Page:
Kitchen Confidential: Peter Armellino Revives Silicon Valley with Plumed Horse

Peter Armellino

Photography by: Kristian Melom

The Michelin-starred restaurant Plumed Horse may seem out of place in a quiet suburban town like Saratoga, California, with its happening 60-seat lounge; a massive bar and fireplace; a beautifully inventive 80-seat dining room; and a nearby garden with fresh herbs, vegetables, flowers and fruit that find their way into the restaurant every day. Yet the Plumed Horse has been around since 1952, and for the past nine years—under the expert helm of chef Peter Armellino—it has flourished as a fine dining destination, winning a Michelin star every year from 2008 to 2016.

A self-described “fat kid who loved to eat,” Armellino, now a slimmed-down sophisticate, refined that appetite through a lifetime of cooking and an impressive résumé that shows stints at New York’s Gotham Bar & Grill and Gramercy Tavern and at San Francisco culinary touchstones Jardiniere, Aqua, and Campton Place. In 2007, Armellino and renowned San Francisco designer Walid Mando turned the local restaurant into a sleek and sexy Silicon Valley haute spot.

Former Oracle CEO Larry Ellison is rumored to host a regular wine club at the Plumed Horse and no wonder: Armellino won the Wine Spectator 2015 Grand Award, which the venerable magazine bestows, it says, on “restaurants that show an uncompromising, passionate devotion to the quality of their wine program.” And in 2016, Wine Enthusiast magazine named it one of America’s Best 100 Wine Restaurants. The Plumed Horse keeps 16,000-plus bottles of recherché wine in a beautiful three-story glass cellar to accompany Armellino’s wildly delicious contemporary California cuisine built with innovation and precise technique. Think caviar in crispy cones, roasted oysters with bone marrow, Parmesan soufflé with uni fondue, and abalone with stinging nettle risotto. The chef cooks with only the most luxurious menu items and sources the ingredients—among them, Hudson Valley foie gras, Maine scallops, New Zealand king salmon, and Coachella Valley corn—from all over the world. As the Plumed Horse inches toward its 10th anniversary on the eve of the South Bay’s most illustrious event, the Pebble Beach Concours d’Elegance, we sat down with Armellino to learn how the acclaimed chef manages to keep so many balls in the air.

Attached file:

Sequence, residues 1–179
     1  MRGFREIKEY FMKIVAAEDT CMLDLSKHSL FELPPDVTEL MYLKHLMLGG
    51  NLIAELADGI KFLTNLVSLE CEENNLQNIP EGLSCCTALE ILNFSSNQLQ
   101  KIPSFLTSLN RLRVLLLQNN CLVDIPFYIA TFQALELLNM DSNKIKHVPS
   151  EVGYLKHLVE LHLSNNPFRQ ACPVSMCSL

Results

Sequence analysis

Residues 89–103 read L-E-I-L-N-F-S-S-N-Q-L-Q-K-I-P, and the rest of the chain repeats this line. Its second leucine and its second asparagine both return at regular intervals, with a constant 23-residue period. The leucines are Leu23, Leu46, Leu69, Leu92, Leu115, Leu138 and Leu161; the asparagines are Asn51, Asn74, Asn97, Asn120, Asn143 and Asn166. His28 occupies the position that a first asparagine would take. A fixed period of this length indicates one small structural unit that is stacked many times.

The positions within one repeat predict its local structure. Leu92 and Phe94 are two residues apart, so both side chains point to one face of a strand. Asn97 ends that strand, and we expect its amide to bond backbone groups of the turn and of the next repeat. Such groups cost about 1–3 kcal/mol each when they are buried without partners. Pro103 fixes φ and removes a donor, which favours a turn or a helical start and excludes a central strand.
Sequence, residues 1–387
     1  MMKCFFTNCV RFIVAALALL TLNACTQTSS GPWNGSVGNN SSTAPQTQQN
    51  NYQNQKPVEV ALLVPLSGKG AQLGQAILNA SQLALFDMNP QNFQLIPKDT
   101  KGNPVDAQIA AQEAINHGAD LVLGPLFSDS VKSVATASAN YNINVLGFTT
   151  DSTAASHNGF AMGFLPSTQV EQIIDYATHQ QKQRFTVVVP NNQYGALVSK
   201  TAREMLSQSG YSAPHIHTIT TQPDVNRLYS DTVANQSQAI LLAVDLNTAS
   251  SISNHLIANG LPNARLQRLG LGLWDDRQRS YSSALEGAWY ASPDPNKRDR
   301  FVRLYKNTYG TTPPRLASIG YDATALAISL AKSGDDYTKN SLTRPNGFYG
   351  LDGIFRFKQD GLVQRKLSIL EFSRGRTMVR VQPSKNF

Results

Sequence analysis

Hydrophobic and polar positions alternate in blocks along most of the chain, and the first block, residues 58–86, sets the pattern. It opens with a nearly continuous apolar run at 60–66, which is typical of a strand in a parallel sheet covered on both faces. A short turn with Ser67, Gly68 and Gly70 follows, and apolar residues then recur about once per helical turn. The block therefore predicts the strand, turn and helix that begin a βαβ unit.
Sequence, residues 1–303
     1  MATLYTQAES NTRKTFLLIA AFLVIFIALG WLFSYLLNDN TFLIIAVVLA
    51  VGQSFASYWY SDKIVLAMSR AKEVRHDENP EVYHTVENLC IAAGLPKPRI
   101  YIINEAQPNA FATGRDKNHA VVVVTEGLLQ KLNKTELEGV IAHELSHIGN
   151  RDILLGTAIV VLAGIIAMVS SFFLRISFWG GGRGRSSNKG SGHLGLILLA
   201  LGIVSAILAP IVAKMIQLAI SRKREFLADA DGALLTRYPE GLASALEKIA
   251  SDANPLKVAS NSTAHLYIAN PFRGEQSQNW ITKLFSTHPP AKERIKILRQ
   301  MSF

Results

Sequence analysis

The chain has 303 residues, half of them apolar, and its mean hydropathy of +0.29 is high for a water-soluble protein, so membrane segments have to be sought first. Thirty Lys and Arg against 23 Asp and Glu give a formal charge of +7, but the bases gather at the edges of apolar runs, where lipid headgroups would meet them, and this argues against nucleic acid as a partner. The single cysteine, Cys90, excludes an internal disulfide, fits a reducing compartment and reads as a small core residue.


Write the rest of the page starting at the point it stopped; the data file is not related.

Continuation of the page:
Peter Armellino

You’ve worked at some pretty impressive restaurants. How did this résumé prepare you to stand alone at the Plumed Horse? Who did you learn the most from?
I started working in professional kitchens at the age of 15. I have been a student of the restaurant business most of my life. What has helped me most in regards to the Plumed Horse are the chefs who took the time to expose me to new ingredients and techniques and shared their passion for cooking and excitement for food. To list one chef and say that person was responsible would be a lie. But to everyone I’ve been lucky to work with, I am truly grateful.

You’ve been running the kitchen at Plumed Horse for nine years. How do you keep things fresh?
I push myself to go outside of my comfort zone and try new combinations and ingredients. I find inspiration from some of my regulars who dine with me so often that I must create new experiences for them.

What are some of the things you have learned over the years?